Testing a structural model for demands, resources, engagement and well-being of first-year university students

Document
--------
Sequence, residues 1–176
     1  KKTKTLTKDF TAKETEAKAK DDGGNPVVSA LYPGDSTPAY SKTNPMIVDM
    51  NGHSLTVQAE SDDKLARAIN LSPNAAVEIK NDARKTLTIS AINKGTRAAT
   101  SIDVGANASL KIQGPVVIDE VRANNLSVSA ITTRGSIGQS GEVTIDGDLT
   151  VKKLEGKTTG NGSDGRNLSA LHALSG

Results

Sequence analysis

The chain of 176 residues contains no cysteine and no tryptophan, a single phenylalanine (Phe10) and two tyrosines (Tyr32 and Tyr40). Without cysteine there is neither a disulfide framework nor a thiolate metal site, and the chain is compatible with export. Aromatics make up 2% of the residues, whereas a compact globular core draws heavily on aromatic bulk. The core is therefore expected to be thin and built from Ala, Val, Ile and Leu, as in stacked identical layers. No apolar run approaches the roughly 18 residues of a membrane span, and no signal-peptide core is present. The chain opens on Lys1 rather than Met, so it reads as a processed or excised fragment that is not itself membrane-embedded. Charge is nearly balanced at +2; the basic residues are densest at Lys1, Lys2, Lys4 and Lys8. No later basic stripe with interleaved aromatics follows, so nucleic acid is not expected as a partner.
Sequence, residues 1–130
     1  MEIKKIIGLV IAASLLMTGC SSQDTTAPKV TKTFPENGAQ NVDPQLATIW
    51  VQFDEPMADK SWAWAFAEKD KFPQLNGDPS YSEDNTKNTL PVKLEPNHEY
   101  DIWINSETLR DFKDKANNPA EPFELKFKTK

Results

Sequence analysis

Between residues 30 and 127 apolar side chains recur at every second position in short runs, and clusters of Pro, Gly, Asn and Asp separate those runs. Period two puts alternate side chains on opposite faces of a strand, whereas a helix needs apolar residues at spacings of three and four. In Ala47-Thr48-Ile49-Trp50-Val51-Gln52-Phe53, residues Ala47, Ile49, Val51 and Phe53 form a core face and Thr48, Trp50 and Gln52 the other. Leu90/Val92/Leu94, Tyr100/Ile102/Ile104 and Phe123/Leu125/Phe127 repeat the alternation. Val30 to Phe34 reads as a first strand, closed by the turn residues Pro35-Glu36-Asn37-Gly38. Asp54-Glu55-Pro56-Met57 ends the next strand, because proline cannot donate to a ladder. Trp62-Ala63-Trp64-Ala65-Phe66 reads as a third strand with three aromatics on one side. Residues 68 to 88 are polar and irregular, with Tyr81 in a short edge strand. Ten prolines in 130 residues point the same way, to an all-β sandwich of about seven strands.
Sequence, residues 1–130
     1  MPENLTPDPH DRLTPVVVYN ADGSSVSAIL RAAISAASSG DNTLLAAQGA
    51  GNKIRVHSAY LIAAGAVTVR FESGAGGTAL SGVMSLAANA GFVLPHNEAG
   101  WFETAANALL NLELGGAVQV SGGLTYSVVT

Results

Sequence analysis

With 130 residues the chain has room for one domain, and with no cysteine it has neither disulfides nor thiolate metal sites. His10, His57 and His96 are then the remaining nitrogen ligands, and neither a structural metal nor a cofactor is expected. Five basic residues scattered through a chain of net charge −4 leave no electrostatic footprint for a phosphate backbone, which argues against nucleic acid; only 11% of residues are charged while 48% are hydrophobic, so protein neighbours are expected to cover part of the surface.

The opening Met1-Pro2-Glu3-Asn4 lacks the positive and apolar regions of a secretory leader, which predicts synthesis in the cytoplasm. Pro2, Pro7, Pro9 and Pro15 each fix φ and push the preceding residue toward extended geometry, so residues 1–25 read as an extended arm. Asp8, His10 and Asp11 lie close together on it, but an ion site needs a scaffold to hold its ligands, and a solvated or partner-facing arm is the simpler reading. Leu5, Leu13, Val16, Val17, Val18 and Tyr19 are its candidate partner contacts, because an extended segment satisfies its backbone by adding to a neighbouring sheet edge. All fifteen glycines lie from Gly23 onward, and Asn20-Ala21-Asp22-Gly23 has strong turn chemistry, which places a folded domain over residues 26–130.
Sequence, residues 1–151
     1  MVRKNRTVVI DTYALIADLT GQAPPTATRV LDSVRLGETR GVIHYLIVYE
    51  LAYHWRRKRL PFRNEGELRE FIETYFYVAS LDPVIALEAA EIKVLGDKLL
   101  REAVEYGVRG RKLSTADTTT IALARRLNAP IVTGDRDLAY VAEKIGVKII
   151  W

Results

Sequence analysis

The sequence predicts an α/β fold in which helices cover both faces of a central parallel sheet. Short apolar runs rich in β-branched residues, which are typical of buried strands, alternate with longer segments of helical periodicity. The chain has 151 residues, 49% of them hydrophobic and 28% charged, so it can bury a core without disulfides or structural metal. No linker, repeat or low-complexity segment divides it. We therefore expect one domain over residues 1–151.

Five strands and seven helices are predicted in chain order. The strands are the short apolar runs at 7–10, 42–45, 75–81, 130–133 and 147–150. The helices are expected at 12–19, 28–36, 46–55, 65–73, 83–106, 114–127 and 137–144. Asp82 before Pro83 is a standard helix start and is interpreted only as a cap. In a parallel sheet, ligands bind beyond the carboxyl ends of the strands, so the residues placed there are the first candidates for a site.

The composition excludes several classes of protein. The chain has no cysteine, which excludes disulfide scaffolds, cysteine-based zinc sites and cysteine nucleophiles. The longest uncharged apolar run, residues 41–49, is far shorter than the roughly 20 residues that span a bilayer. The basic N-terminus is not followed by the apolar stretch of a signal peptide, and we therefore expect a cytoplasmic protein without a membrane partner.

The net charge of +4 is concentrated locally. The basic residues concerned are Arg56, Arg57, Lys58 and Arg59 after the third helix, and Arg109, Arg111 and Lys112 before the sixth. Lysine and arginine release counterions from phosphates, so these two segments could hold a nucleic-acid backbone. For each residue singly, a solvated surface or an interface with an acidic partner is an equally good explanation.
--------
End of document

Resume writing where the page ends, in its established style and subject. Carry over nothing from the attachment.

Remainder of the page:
The constructs of job demands, job resources as well as engagement and well-being are conceptualised well in literature. Extensive research is available on these constructs in the broader sense of the working environment. However, research is limited regarding first-year students, more especially within the South African context. The present research focused specifically on first-year students at a South African university, testing the following constructs: study demands, study resources as well as student engagement and well-being. The first year at university can often be a difficult phase where students make the transition from a secondary educational institution to the university environment. Therefore, it is vital to investigate the probable predictors of student engagement and success. Information gathered on the influence which study demands and resources have on the engagement and well-being of first-years, could help students and the university improve engagement levels, thus increasing these students’ well-being and success. The objective of this research was to determine significant demands and resources linked to fist-year students’ engagement and well-being. The research investigated how first-year students’ well-being is affected by variations of demands and resources, also when engagement is a mediating factor. Further investigations determined the strength and nature of the relationships between these constructs. The aim of this study was thus to gain a better understanding of the role these constructs play in the life of first-year students in South Africa, as well as the influence of the university environment on student engagement and well-being. A quantitative research approach was followed by using a stratified random sample design, which comprised first-year students at a tertiary institution (N = 773). Product-moment correlations were used to determine the relationships between the constructs. Structural equation modelling was used to analyse the data and test a structural model. The results indicated that study demands have a negative relationship with student engagement, although only academic results confirmed this relationship in the structural model. The findings indicated further that study resources have a positive relationship with student engagement. Through regression analysis, only lecture support and autonomy confirmed the mentioned positive relationship. Personal relationship problems with social and psychological well-being confirmed a negative relationship between study demands and well-being. A positive relationship was confirmed between study resources and well-being by friend support with the various types of well-being; family support with emotional well-being; and autonomy with psychological well-being. In the final phase, engagement was found to mediate the relationship between study demands and well-being negatively, and the relationship between study resources and well-being in a positive sense. Finally, conclusions were drawn from the findings, limitations were discussed and recommendations made for future research and practice.